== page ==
Drug combination screening using machine-learning and PK/PD modeling


Identification: Chandrasekaran-Sriram


Description

Drug combination screening using machine-learning and PK/PD modeling
Joseph Cicchese1, Shuyi Ma2,3, Suraj Jaipalli4, Awanti Sambarey4, Jonah Larkins-Ford5, Jenny Lohmiller2, Bree B. Aldridge5, David R. Sherman2,3, Denise Kirschner6, Jennifer Linderman1, Sriram Chandrasekaran4
 
1 - Department of Chemical Engineering, University of Michigan, Ann Arbor, Michigan, USA; 2 - Department of Microbiology, University of Washington, Seattle, Washington, USA; 3 - Center for Global Infectious Disease Research, Seattle Children’s Research Institute, Seattle, Washington, USA; 4 - Department of Biomedical Engineering, University of Michigan, Ann Arbor, Michigan, USA
5 - Department of Molecular Biology and Microbiology, Tufts University School of Medicine, Boston, Massachusetts, USA
6 - Department of Microbiology and Immunology, University of Michigan Medical School, Ann Arbor, Michigan, USA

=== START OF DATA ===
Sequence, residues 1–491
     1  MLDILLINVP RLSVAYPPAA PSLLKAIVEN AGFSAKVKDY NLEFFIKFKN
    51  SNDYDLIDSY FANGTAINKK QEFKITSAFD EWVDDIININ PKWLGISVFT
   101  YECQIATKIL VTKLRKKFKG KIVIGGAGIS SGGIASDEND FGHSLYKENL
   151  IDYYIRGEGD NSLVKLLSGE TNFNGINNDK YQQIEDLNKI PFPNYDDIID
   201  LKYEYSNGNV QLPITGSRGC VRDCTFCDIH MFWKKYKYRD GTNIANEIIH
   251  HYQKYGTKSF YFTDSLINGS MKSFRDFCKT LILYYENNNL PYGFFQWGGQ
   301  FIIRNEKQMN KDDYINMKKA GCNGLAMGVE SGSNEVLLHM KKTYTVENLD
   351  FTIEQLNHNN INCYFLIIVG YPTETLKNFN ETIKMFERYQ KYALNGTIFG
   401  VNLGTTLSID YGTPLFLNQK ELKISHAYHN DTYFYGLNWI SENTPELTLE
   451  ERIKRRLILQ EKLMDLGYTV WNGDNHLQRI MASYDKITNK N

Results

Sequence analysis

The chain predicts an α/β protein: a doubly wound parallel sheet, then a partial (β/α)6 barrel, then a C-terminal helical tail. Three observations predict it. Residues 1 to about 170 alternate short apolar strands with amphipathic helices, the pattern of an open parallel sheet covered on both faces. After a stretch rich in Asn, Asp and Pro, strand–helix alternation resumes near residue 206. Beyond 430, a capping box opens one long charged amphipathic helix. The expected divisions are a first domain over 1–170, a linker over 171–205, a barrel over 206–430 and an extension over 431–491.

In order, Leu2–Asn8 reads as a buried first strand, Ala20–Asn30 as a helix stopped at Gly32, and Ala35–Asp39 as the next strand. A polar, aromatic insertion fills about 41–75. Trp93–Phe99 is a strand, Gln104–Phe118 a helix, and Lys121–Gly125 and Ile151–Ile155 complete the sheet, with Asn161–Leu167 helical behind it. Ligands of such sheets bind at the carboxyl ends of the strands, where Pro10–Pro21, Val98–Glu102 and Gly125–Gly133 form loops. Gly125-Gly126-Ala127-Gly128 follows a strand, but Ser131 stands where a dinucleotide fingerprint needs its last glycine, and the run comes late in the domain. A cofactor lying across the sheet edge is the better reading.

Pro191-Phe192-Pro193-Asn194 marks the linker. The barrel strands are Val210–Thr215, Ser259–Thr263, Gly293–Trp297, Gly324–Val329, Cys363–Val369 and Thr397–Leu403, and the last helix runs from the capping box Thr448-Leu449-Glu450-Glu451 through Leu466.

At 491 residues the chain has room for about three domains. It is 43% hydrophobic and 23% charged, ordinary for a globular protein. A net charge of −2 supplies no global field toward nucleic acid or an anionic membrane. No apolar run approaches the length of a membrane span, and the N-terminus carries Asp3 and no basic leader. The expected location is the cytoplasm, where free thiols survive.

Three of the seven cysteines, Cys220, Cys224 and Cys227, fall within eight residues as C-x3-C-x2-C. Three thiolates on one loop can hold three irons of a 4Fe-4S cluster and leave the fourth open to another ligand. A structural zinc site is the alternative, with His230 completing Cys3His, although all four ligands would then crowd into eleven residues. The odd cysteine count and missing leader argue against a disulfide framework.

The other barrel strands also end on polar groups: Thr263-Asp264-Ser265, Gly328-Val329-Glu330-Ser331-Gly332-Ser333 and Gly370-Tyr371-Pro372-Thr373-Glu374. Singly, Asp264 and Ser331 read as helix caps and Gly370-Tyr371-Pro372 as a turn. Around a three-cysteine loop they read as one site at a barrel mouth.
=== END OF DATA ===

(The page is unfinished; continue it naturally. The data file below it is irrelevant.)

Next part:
Abstract
The search for new TB therapies is hindered by the large number of drug combinations, dosing choices, and complex pharmaco-kinetics/dynamics (PK/PD). Here we present a pipeline that incorporates both machine learning and PK/PD modeling to design multi-drug regimens. We utilize a machine-learning model, INDIGO-MTB, to predict drug interactions using transcriptome profiling of individual drugs. The INDIGO-MTB model contains 164 drugs with anti-TB activity and identified synergistic two-, three-, and four-drug regimens from over a million possible combinations. By linking INDIGO-MTB with a model of drug PK/PD and pathogen-immune interactions called GranSim, we calculate an in vivo interaction score for drug combinations. The interaction score incorporates dynamics of drug diffusion, spatial distribution, and activity within lesions against various pathogen sub-populations. Predictions from our model significantly correlates with both experimental interaction scores and efficacy metrics from clinical trials. Our framework enables efficient optimization of combination therapies (Ma et al, mBio, 2019; Cicchese et al, Biorxiv, 2020).

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